You may remember that my wife and I very much enjoyed Killing Eve, which aired on BBC America. As is my habit, I had to go check out the source material, which turned out to be a novel entitled Codename Villanelle.
Written by Luke Jennings, this fast-paced, brisk thriller served as the basis for the television show. However, as you read the book, you’ll notice the show greatly enriched virtually every character.
Villanelle is still present–obviously. So is Eve. Konstantin and Niko, too. Several other characters were adapted into new characters for the show, or outright jettisoned.
The show also used the same general plot. Villanelle is an international assassin who comes from less than nothing. Konstantin is her handler. Eve is a UK agent obsessed with apprehending Villanelle. Niko is still her husband. However, Jennings keeps them fairly bare-bones. Yes, he introduces some of their little idiosyncrasies. Eve is still something of a social train-wreck. Villanelle is still a sociopath. Niko is still incredibly patient and helpful. But, we seem to just skim the surface of these interesting attributes. None of them have the charm nor the depth of their televised counterparts.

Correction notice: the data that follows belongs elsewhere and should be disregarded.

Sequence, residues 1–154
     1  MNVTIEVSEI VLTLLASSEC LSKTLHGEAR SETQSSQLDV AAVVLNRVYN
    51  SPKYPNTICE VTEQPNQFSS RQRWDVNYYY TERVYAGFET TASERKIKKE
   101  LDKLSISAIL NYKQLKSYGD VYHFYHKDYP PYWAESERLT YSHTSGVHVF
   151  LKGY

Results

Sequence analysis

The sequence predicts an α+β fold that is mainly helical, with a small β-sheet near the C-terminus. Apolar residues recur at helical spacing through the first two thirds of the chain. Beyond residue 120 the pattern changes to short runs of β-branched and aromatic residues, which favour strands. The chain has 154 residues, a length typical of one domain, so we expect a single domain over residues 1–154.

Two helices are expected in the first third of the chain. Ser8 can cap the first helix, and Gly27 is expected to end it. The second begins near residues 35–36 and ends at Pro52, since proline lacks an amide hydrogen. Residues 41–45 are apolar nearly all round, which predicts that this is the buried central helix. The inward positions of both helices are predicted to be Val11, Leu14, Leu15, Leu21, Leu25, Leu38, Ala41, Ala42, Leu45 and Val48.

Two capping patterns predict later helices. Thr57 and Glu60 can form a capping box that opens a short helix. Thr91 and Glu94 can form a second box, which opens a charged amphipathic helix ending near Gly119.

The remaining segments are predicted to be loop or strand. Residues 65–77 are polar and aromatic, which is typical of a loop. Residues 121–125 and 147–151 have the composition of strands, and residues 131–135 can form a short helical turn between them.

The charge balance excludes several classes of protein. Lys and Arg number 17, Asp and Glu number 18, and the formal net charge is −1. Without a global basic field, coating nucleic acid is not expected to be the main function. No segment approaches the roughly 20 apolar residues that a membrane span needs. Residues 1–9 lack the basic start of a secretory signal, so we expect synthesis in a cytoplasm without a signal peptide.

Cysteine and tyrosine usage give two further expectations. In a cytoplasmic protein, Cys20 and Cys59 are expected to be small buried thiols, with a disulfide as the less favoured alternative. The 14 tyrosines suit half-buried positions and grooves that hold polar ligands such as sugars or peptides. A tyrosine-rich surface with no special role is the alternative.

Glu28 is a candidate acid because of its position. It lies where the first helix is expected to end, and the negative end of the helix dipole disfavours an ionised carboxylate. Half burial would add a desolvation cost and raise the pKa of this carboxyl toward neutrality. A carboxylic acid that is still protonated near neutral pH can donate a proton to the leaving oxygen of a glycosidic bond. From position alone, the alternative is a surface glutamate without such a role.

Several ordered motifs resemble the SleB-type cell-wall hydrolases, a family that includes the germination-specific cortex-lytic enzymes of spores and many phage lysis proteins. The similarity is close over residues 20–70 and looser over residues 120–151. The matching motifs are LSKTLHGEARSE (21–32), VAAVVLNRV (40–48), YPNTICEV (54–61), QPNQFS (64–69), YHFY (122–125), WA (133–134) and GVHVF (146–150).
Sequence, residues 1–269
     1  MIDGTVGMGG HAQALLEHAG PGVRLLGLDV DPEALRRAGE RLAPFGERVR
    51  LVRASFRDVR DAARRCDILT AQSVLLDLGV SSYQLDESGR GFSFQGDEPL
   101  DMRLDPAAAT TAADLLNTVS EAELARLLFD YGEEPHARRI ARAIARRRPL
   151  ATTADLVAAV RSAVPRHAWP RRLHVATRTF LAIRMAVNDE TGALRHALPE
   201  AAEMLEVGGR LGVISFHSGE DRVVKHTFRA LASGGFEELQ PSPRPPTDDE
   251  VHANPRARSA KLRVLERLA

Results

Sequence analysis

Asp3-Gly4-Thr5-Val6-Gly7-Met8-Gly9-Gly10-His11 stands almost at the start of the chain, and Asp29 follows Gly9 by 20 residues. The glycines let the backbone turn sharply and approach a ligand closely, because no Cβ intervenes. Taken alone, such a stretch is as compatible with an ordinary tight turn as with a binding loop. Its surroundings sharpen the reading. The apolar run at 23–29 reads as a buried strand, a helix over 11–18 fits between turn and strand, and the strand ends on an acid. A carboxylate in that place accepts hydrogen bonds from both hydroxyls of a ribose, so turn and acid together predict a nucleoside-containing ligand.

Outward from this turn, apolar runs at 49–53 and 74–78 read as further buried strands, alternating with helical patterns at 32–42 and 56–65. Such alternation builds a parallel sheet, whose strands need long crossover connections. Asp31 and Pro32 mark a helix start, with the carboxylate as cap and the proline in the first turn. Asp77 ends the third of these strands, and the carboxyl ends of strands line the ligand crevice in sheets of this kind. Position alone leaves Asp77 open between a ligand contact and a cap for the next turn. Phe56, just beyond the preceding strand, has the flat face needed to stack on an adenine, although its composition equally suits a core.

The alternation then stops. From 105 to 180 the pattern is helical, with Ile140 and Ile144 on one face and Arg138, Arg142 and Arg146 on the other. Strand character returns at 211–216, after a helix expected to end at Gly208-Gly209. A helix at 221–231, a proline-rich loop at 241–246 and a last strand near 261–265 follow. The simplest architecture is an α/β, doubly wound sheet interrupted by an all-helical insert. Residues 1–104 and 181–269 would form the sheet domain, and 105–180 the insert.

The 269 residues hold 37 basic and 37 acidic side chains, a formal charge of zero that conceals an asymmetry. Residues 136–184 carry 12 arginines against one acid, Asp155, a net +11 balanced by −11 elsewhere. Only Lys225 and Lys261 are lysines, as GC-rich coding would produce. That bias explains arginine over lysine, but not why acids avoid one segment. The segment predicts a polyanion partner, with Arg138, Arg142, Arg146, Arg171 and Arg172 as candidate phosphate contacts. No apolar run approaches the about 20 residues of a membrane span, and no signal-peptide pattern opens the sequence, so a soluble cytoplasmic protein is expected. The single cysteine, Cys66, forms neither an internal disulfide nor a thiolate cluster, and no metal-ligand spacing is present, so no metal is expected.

The novel is very plot driven. Jennings is incredibly specific with locations, weaponry, procedures, and technology. There is ample action that moves at a whiplash pace, but, again, the characters are somewhat flat.
I have to wonder if I’m being unfair to the book. Killing Eve is clearly such a special show, is it unfair to judge the source material too harshly in this case? Could Killing Eve’s charming, odd, wonderful characters have existed without Jennings groundwork?
Honestly, I don’t think I’m being unfair. The book was an entertaining read, but it didn’t strike me as monumental. Without the show, I don’t think it would have made much of an impression on me. Keep in mind, though, I don’t read much suspense or espionage spy stories.
Frankly, there were times when I thought the book was a little sexually gratuitous. Jennings makes a point to depict Villanelle as a sexual predator. He absolutely objectifies her and her prey. It largely felt unnecessary to me, because it is–again–dealt with at a very shallow level that makes it seem like it’s there only to shock the reader.
If you like quick reads full of detail, action, violence, and suspense, this is the book for you.
(Did you enjoy this review? Check out Scott William Foley’s latest book HERE!)